I was at the library on Thursday in a sort of a panic, racing around the stacks and squirreling away books in a bag and checking them out and generally causing the guy on the security desk to look at me quizzically and say, "You know, we're open again on Tuesday, you don't need to take away the whole library!" However I thought it best to stock up on really good stuff, esp. in anticipation of a solitary-Cambridge-exiled-New-Year's-Eve (actually it's very enjoyable, in NY I would be trailing around to various parties & witnessing the inevitable meltdowns and having transportation difficulties, this has been extremely placid in contrast).
So the last book read in 2005 has been Mozart in the Jungle: Sex, Drugs, and Classical Music by Blair Tindall. I must confess I absolutely loved it, I think it's a great book despite occasional jumbled-up-ness and minor infelicities of style (some presumably due to editing--anyone who makes it to p. 267 of this classical-music memoir does NOT need editorial asides like "string players were unpacking their fiddles, rubbing rosin (a processed tree sap that is sold in hardened cakes) on their bows for friction against the strings"; @#$%^?!?).
I like the mix of memoir and jadedness and excitement about music and passionate polemic against the contemporary culture of classical music. Plus the AGONIZING descriptions of reed-making, the bane of every oboist's existence: the oboe is the true love of my life, I played a bunch of other instruments too but the oboe was THE ONE except for the torment, the agony, of the reed thing. (NB Meghan Daum has an excellent essay called Music is My Bag that is also about oboe-playing though more generally it's cultural criticism, and horrifyingly apt to former woodwind players in my particular age and geographical demographic.)
It strikes me as odd that my thirteen- or fourteen-year-old self would have immediately said that she wanted to be a classical musician, it seems inconceivable now. (The problem with music as with acting, two things I loved and devoted large amounts of time and energy to as a teenager, was that all I wanted was to play oboe or to act in plays whereas really my personality is more suited to a being-in-charge kind of thing; I could see that only conducting or directing would really have satisfied me, I had no impulse or talent to do either and so I happily became a writer and a professor instead. And it is just as well I am not a baroque-music-fixated oboist leading chamber ensembles and living on my credit cards, it would not be a good thing at all. As this book makes painfully clear.)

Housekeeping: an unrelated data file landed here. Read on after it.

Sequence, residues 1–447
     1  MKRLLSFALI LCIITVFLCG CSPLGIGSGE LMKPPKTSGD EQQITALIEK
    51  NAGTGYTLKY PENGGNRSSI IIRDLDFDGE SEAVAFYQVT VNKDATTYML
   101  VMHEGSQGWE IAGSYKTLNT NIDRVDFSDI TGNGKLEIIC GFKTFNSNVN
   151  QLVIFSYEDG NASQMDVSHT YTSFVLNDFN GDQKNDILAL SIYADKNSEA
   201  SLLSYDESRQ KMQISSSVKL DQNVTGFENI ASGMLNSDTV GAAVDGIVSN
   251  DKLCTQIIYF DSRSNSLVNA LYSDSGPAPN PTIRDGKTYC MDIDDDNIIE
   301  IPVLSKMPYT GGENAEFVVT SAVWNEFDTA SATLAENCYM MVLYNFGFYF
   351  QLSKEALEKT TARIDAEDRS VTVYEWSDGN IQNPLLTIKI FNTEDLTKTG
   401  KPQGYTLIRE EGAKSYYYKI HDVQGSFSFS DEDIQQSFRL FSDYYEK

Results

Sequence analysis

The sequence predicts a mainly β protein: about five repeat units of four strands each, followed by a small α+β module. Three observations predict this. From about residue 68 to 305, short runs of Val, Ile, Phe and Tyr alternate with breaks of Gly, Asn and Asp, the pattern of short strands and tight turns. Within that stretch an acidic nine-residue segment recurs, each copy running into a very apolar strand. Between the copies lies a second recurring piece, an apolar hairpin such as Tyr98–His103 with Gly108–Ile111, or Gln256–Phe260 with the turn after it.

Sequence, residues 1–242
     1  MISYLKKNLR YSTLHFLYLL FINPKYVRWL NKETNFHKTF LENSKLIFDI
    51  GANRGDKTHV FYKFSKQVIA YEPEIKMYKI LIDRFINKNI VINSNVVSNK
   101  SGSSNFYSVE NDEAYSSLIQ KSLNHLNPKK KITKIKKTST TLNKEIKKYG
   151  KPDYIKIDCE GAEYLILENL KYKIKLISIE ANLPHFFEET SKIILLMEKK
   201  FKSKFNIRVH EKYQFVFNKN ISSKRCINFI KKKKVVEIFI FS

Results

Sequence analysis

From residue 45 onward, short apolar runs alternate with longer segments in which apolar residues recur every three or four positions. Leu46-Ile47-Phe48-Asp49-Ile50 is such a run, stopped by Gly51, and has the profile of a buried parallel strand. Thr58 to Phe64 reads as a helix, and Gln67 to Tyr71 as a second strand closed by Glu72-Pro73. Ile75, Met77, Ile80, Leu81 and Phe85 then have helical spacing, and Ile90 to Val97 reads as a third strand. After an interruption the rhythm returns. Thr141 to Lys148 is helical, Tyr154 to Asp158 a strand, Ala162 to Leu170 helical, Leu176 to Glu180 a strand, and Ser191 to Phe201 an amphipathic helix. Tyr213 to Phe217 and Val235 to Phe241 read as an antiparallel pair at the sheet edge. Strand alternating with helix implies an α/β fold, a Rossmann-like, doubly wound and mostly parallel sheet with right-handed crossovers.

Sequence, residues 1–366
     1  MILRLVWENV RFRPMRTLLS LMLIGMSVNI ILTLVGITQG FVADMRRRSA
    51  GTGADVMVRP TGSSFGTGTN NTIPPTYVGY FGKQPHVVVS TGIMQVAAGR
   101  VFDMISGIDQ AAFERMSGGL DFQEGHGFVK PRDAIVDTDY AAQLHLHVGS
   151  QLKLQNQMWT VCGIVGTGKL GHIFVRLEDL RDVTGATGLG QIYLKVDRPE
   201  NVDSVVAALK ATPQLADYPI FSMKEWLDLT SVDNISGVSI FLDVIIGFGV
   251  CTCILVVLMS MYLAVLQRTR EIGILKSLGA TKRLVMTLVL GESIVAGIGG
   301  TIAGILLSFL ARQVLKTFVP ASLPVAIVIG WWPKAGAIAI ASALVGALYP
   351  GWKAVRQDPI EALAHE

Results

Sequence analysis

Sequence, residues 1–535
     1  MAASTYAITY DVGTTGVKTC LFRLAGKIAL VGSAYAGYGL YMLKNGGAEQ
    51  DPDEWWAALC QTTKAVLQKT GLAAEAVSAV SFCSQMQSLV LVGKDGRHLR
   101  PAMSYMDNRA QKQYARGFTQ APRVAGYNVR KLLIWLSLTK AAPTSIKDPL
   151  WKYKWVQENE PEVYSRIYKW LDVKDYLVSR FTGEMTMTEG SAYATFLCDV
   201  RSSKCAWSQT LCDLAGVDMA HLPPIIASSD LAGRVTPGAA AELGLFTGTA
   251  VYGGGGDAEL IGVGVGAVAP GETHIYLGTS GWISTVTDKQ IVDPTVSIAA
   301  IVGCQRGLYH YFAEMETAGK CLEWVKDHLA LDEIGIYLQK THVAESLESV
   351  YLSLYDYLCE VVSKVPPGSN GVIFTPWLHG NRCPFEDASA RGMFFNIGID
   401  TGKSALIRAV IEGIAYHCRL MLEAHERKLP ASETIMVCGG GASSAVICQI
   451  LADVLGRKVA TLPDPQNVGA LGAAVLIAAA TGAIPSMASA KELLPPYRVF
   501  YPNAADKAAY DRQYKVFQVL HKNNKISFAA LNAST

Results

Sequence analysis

With the greater self-knowledge of (increasingly advanced) age, I can see that the one job in music that really would suit me would be record producer: it's sort of the equivalent of an editor, only more interventionist, you get to choose musicians and aggressively mold their sound in an agreeably bossy-while-it's-happening-and-yet-after-the-fact-altogether-behind-the-scenes kind of way. You know what I'm talking about: not the big deal-maker, but the one who tweaks the sound on the songs that makes the whole album work right. And tells the musicians that they have completely misunderstood their talents and need to try something completely different. That sort of thing. Sounds very enjoyable... (and the novel I know that has the best description of this is Liza Cody's Gimme More, which I highly recommend.)
So anyway, best wishes for 2006; having this blog's been one of my favorite things this year, and I am sure it will be next year too, so thanks for being part of the whole business. . . .